Tina Smith’s breast cancer diagnosis during the COVID-19 pandemic is an important example of how breast cancer awareness is lifesaving. Tina has shared her experience of being diagnosed during lock-down, discovering the benefits of a healthier lifestyle and setting her sights on climbing the UK’s 3 tallest peaks to raise vital funds for Prevent Breast Cancer.
I am taking on the National 3 Peaks Challenge in support of all women and men who have been diagnosed with breast cancer.
I found a very small lump in my right breast at the end of May 2020. I knew an early diagnosis of breast cancer is key to a better outcome and therefore contacted my GP surgery immediately. I was then referred to the breast clinic at my local hospital. Following 2 ultrasounds, a mammogram and 2 biopsies, I was diagnosed with a grade 2, oestrogen receptor positive, progesterone receptor positive, HER2-negative invasive ductal carcinoma, with additional ductal carcinoma in situ (DCIS) in early July 2020. Due to the COVID-19 pandemic, appointments for biopsies were limited, and therefore it took 6 weeks to be officially diagnosed.
The wait for the results were quite lengthy, and my sleep and appetite were affected throughout this time. Finally, I had an appointment for my results. I remember being sat in the consultation room and waiting for the breast surgeon, then being delivered the news that I unfortunately did have breast cancer. It was a most surreal moment, almost like it was not me being diagnosed, but someone else. Half of the information relayed to me at the time of diagnosis just seemed to merge into one mumbled sound and I just sat there listening, but not really taking it all in.
Following the initial shock, I constantly told myself that I had to remain positive and keep myself busy. Too much time on my hands would allow my mind to wander to some very dark places. For me, a positive mind and keeping busy were key for both dealing with my diagnosis and recovery.
At the beginning of September, I underwent a mastectomy and had some lymph nodes removed for biopsy. Due to the COVID-19 restrictions, no one could come with me to the hospital or visit. I recovered well, and 2 weeks after my surgery I was advised that the cancer had been contained in my right breast, with no vascular or lymph node involvement, and I would therefore not require any radiotherapy or chemotherapy. I was, however, prescribed Tamoxifen which is a hormone therapy used to treat hormone receptor-positive breast cancer.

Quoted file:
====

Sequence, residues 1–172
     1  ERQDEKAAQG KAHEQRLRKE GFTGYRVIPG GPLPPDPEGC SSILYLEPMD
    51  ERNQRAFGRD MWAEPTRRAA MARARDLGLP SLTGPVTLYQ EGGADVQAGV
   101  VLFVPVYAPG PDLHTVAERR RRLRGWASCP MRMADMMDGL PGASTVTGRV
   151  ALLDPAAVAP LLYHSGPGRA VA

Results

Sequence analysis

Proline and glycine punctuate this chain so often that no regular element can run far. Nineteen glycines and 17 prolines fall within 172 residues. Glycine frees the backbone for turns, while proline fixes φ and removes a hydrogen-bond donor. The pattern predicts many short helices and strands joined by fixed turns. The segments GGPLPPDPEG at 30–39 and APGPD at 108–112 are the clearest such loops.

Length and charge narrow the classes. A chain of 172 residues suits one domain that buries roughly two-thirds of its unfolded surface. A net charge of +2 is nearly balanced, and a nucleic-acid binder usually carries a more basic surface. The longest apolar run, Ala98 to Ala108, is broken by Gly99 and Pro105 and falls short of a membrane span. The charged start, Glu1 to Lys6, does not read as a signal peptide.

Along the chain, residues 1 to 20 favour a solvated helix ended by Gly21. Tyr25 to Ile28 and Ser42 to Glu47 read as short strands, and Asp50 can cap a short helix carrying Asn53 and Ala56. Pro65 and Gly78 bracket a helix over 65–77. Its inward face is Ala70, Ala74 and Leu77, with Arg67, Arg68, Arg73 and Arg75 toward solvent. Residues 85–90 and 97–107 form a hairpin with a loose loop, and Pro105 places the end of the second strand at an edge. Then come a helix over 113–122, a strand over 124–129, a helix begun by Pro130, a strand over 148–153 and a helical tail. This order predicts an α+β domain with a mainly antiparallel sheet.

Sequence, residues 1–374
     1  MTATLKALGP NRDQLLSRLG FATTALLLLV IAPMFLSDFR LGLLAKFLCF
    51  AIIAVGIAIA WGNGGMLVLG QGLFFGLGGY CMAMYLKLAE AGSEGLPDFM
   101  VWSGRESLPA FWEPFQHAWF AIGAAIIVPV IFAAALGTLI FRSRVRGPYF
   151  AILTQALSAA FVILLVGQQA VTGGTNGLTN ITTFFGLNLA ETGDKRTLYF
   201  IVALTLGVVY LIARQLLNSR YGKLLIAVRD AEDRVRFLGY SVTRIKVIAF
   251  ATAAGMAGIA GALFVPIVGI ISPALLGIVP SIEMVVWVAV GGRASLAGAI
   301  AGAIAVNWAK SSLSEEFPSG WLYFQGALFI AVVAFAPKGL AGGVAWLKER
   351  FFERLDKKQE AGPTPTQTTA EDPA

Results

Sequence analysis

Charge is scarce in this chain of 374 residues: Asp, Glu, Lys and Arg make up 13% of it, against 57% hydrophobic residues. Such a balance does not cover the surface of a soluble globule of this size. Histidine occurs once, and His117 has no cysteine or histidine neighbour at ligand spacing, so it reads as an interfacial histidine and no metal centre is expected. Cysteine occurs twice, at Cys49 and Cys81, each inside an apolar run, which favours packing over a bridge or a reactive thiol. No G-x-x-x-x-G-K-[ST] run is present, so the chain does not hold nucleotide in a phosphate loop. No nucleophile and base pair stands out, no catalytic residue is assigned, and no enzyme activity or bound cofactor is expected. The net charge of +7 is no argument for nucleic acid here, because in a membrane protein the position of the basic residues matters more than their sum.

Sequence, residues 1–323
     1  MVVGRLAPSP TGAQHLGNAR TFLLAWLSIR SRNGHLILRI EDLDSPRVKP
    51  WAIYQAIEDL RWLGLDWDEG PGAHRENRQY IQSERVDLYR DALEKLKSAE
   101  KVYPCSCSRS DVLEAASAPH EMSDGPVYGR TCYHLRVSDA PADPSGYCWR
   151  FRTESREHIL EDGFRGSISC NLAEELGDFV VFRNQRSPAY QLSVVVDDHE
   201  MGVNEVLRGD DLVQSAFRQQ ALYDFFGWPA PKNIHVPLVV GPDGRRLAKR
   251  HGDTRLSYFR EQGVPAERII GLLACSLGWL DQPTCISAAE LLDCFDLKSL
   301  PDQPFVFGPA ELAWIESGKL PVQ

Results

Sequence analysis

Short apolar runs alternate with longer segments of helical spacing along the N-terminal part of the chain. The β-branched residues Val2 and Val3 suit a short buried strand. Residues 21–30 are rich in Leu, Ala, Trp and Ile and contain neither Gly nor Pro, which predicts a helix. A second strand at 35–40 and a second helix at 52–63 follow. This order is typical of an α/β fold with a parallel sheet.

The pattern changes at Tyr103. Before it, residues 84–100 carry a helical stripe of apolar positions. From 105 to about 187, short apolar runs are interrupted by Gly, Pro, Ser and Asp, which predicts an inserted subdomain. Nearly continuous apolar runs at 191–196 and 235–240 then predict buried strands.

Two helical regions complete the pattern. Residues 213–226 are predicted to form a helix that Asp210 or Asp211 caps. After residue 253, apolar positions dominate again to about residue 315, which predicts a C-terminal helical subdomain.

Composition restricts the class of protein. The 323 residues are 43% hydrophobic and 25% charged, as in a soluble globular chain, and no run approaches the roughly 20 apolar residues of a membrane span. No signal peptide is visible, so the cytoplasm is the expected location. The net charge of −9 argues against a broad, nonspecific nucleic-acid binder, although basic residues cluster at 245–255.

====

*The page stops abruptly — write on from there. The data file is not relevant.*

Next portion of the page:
3 months prior to being diagnosed with breast cancer, I made changes to my lifestyle and started running 3-4 times per week. I noticed a marked improvement in my general health and sleep. Following my diagnosis and surgery, I have tried to continue to remain fit and healthy and I am passionate about raising awareness of the importance of early diagnosis and the prevention of breast cancer. I therefore, decided I needed to take on a difficult challenge in order to push myself and hopefully raise money for charity.
I’ll be climbing 3 mountains, including Ben Nevis, Scafell Pike and Snowdon within 24 hours, including travel. The challenge commences at Ben Nevis in Scotland, then on to Scafell Pike in England (which will be climbed in darkness) and then Snowdon in Wales for the finale.
WHY EARLY DIAGNOSIS IS LIFESAVING
Without an early diagnosis, it could have been very different for me. I plan to have reconstructive surgery in the future, but due to the COVID-19 pandemic, I will not be able to have the surgery for some time. Although I am still quite early on in my recovery, I remain positive about my future and I have made changes to my diet and continue to stay active.
A breast cancer free future for me would mean that no one else would ever have to receive the devastating news that they have breast cancer.
If you’d like to support Tina and help her reach her £1000 goal, please visit her giving page.